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The ecology and conservation biology of Lilian's lovebird Agapornis lilianae in Malawi.

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Despite their popularity, parrots are the world’s most threatened birds. Lovebirds (Agapornis) are very popular pet and aviary birds and as ecologically specialised species in the wild, they are also among the most threatened group of birds. Lilian’s lovebird Agapornis lilianae is a mopane Colophospermum mopane woodland specialist. This study represents the first detailed investigation of the species ecology in the wild. The current distribution of Lilian’s lovebird in Malawi was explored. Furthermore, the extent of the largest resident population in Liwonde National Park (LNP) was investigated. Five new atlas records are reported; three within 40-56 km of the LNP population, and two were over 150 km south and north of LNP respectively. One of them in Kasungu National Park is about 66 km from the Lilian’s lovebird population in Luangwa Valley, Zambia. Lilian’s lovebirds occurred throughout LNP with the highest abundance in the central section. Seasonal movements to areas outside the park were recorded. A variety of vegetation types were used by the lovebirds. The strongest vegetation associations were with seasonally wet grasslands and not mopane woodlands. The abundance and density of the Lilian’s lovebird in LNP was investigated. The highest density estimates of 17 ± 4.8 lovebirds km-2 were recorded in LNP’s mopane woodland. However, number of observations per transect differed significantly. Waterhole counts had the lowest estimates (10 ± 3.5 lovebirds). Flyway counts had the intermediate estimate (14 ± 3.0 lovebirds). The total population of Lilian’s lovebirds in LNP is therefore estimated to be about 4000 individuals. The use of line transect counts at the end of the rainy season is recommended for continued monitoring of Lilian’s lovebirds abundance in LNP. Lilian’s lovebird is a secondary cavity user adapted to mopane woodlands. We investigated its roost characteristics and roosting behaviour. We quantified tree and roost site variables for roost and non-roost trees. Roosting behaviour was observed during the morning and late afternoon. Lilian’s lovebirds’ roosts were located in large tall mopane trees with a mean diameter at breast height (dbh) of 57.4 ± 1.64 m, a mean height of 16.5 ± 0.42 m, and with a mean cavity height of 10.0 ± 0.05 m. All roosts were located in mopane trees within mopane woodland with 10 – 50 % tree cover. Non-roost areas had significantly smaller trees (mean dbh = 39.4 ± 1.72 m) and were located significantly closer together. Human disturbance was low in both areas, however, evidence of elephant Loxodonta africana browsing was high with large areas of stunted mopane woodland recorded in non-roost areas. We recommend that the current LNP vegetation map be updated to highlight areas of stunted mopane woodland unsuitable for Lilian’s lovebird roosts. The impact of elephant browsing on large mopane trees should be assessed to understand its impact on the availability of suitable cavities for lovebirds and other tree cavity-reliant vertebrate species. Investigations into the diet and foraging behaviour of the Lilian’s lovebird revealed they fed on 30 different plant species. These occurred in six habitat types, two of which were outside LNP (agriculture fields and dambos). In the wet season majority of Lilian’s lovebirds (23 %) foraged in dambo areas, whilst in the dry season (August – November) the lovebirds mainly foraged in grasslands with tree cover (18 %). In mopane woodland feeding flock sizes differed significantly between the wet (mean = 20 ± 1.0 lovebirds) and dry season (mean = 34 ± 2.3 lovebirds). Grass seeds were their main food source from December to June. Lilian’s lovebirds diet was more diverse from July to November and included leaves, leaf buds, fruits, fruit seeds and herbs. Grass seeds fed on during the wet season had a high protein and energy content. The Lilian’s lovebirds foraging habitat is protected within LNP, however, early burning in areas outside the park needs to be monitored. The breeding biology of the Lilian’s lovebird was investigated. Data were collected through a combination of direct observations and infrared camera traps during three breeding seasons. Results show large similarities with the black-cheeked lovebird A. nigrigens in Zambia. The breeding season was from February to May. Lilian’s lovebirds nested mainly in south-east oriented deep cavities (≥ 1 m) located in large mopane trees (mean dbh = 57.6 ± 2.35 cm). Nests were located in loose clusters in the areas they roosted (mean distance to nearest nest = 24.2 m). Nest fidelity was observed. Clutch size ranged from 3 – 6 eggs, (mean 5.0 ± 0.22). We recorded 49 % hatching success and 69 % fledging success. Results suggest a low breeding success mainly due to the loss of eggs to predation. The use of poison to kill wildlife is a threat to biodiversity. In LNP illegal hunters poison naturally occurring waterholes to catch mammals and birds for food. Lilian’s lovebirds are among the victims at these poisoned waterholes. Lilian’s lovebird population in LNP represents about 20 % of the global population. The drinking habits of the Lilian’s lovebird, the availability of natural waterholes and the occurrence of poisoning incidents in LNP were investigated. Results showed Lilian’s lovebirds congregate at waterholes in the dry season with flock sizes ranging from 1 to 100 individuals. Significantly larger flock sizes were seen in the dry season compared with the wet season. The number of poisoning incidents/year ranged from 1 to 8. The dry season had the highest numbers of poisoning incidents. Lilian’s lovebirds were killed at approximately four poisoning incidents each year between 2000 and 2012. The number of lovebirds found dead at a poisoned pool ranged from 5 to 50 individuals. A list of other species affected by the poisoning is provided. There is need for increased efforts in preventing this lethal activity in the park. Avian diseases are considered to be one of the key threats to bird conservation. Psittacine beak and feather disease (PBFD) is the most significant infectious disease in psittacines. It is caused by the beak and feather disease virus (BFDV) and currently has no cure. PBFD threatens the survival of wild populations of endangered parrots in Africa. The occurrence of BFDV was investigated in wild populations of Lilian’s lovebird. In addition, evidence of blood parasites presence was also investigated to determine their general health. All samples (n = 48) tested negative for BFDV. Blood parasites were observed in 13 of the 48 samples (27 %). Investigation of virus occurrence in other known populations of the species is recommended to assess the conservation risk faced. Lilian’s lovebirds (n = 55) were mist-netted and ringed in LNP. Measurements showed that females were significantly larger than males. About 50 % of the birds ringed in October were half way through their primary moult indicating that moulting starts in earlier months possibly just after the breeding season in April. This study highlights three of the key threats (waterhole poisoning, habitat loss and predation) to the conservation of Lilian’s lovebirds in LNP and provides proposed actions to address these threats.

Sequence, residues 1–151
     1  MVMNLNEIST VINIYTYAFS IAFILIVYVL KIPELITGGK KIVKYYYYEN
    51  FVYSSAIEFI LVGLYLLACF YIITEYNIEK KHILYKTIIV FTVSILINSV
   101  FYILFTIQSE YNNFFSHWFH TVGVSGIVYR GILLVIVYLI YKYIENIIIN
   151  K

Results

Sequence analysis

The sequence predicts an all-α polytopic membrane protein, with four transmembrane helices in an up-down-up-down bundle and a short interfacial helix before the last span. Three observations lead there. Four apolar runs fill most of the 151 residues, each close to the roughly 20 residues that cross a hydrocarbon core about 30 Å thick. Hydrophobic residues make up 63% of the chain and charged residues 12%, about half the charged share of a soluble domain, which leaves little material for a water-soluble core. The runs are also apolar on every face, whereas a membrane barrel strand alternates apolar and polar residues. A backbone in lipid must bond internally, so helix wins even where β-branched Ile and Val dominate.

Ph. D. University of KwaZulu-Natal, Pietermaritzburg 2014.


Lovebirds--Ecology--Malawi., Wildlife conservation--Malawi., Parrots--Ecology--Malawi., Theses--Ecology.